The French election commission and all French media are attempting to keep presidential candidate Emmanuel Macron’s email and document release from having an impact on the election; even going so far as to warn people that reading the content might be illegal.
With 9.9 gigabytes of data uploaded to Pastebin it sets up a rather unusual issue if Macron happens to win the election and the content of the email and documents show manipulation and coordination of the candidate by interests external to France.
Via Reuters – France sought to keep a computer hack of frontrunner Emmanuel Macron’s campaign emails from influencing the outcome of the country’s presidential election with a warning on Saturday it could be a criminal offence to republish the data.
Macron’s team said a “massive” hack had dumped emails, documents and campaign financing information online just before campaigning ended on Friday and France entered a quiet period which forbids politicians from commenting on the leak.
The data leak emerged as polls predicted Macron, a former investment banker and economy minister, was on course for a comfortable victory over far-right leader Marine Le Pen in Sunday’s election, with the last surveys showing his lead widening to around 62 percent to 38.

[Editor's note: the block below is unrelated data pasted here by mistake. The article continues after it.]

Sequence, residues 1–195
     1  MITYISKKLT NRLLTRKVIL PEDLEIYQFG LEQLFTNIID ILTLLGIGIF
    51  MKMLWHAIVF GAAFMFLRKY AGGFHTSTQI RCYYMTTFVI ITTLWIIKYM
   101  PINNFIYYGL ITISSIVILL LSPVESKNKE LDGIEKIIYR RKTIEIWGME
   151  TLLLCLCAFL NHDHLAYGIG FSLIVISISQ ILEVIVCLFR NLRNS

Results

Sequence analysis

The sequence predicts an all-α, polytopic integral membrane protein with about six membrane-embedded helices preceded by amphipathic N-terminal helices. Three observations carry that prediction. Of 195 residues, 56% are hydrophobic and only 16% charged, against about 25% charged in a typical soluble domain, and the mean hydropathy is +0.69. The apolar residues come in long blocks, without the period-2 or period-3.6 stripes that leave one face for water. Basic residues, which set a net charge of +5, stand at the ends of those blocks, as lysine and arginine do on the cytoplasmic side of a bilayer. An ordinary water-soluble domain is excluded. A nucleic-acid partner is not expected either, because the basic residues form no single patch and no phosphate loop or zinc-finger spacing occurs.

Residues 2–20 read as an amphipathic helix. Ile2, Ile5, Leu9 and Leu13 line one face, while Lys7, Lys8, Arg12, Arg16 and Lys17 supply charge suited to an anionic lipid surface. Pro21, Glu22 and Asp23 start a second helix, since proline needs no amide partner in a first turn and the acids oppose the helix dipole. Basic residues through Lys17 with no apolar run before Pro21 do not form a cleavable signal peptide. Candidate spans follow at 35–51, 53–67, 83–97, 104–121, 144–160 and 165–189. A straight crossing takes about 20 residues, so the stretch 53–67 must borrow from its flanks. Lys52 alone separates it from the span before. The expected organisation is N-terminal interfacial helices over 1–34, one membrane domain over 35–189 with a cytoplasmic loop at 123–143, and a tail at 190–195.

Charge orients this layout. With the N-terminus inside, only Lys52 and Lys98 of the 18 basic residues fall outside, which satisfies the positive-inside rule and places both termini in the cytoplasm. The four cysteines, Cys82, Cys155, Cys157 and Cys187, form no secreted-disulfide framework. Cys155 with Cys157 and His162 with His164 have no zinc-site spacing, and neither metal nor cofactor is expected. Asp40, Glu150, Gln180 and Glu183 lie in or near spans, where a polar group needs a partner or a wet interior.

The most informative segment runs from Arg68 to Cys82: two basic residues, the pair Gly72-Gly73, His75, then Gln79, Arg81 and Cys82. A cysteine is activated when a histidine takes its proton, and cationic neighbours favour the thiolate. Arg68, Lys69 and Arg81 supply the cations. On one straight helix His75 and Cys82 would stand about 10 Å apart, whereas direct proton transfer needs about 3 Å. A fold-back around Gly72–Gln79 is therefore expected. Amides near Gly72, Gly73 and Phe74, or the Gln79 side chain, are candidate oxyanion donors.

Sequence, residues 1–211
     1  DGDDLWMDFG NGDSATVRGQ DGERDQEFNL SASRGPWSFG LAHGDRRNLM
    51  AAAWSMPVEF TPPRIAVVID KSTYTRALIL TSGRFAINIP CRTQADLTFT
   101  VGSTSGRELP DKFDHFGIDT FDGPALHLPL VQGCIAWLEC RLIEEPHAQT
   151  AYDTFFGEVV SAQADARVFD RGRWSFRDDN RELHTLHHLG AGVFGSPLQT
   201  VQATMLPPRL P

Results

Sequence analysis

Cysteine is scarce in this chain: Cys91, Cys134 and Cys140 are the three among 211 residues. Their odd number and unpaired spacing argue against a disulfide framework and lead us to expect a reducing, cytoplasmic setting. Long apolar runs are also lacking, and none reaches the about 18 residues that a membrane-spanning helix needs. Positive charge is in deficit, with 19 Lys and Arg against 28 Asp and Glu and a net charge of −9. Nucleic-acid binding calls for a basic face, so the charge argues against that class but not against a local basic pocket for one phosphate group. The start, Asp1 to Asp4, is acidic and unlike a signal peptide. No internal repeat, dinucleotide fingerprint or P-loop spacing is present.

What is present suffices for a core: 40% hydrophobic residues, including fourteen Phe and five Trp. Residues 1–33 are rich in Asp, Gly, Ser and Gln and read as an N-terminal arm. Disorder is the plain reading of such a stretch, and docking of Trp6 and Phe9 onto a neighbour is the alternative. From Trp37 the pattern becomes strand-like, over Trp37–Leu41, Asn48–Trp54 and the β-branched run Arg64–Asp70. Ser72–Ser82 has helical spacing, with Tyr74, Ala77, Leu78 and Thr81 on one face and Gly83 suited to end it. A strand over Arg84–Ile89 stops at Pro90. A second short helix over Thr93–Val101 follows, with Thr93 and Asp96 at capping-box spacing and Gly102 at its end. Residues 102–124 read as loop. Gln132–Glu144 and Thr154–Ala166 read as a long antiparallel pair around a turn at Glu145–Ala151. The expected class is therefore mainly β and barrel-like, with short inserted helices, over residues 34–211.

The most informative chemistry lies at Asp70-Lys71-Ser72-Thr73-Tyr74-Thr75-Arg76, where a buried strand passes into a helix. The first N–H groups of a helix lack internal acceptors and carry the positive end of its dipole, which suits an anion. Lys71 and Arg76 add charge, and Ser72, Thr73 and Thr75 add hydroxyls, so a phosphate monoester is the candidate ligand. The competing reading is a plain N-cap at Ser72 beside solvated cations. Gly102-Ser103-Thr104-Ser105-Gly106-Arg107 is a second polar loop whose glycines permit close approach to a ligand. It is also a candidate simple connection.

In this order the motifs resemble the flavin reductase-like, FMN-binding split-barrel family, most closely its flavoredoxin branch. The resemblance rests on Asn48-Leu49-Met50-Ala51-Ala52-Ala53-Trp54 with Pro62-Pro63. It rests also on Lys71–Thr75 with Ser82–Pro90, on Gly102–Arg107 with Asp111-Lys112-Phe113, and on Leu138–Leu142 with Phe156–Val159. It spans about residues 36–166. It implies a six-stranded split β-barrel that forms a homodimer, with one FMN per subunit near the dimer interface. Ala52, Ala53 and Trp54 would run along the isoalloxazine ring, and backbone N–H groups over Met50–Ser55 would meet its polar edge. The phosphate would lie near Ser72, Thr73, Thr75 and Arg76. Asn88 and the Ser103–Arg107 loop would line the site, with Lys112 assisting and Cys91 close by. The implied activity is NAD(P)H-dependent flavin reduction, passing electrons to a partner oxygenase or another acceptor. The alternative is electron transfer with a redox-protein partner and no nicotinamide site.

“On the eve of the most important election for our institutions, the commission calls on everyone present on internet sites and social networks, primarily the media, but also all citizens, to show responsibility and not to pass on this content, so as not to distort the sincerity of the ballot,” the French election commission said in a statement on Saturday.
However, the commission – which supervises the electoral process – may find it difficult to enforce its rules in an era where people get much of their news online, information flows freely across borders and many users are anonymous.
French media covered the hack in various ways, with left-leading Liberation giving it prominence on its website, but television news channels opting not to mention it.
Le Monde newspaper said on its website it would not publish the content of any of the leaked documents before the election, partly because the huge amount of data meant there was not enough time to report on it properly, but also because the dossiers had been published on purpose 48 hours before the election with the clear aim of affecting the vote. (read more)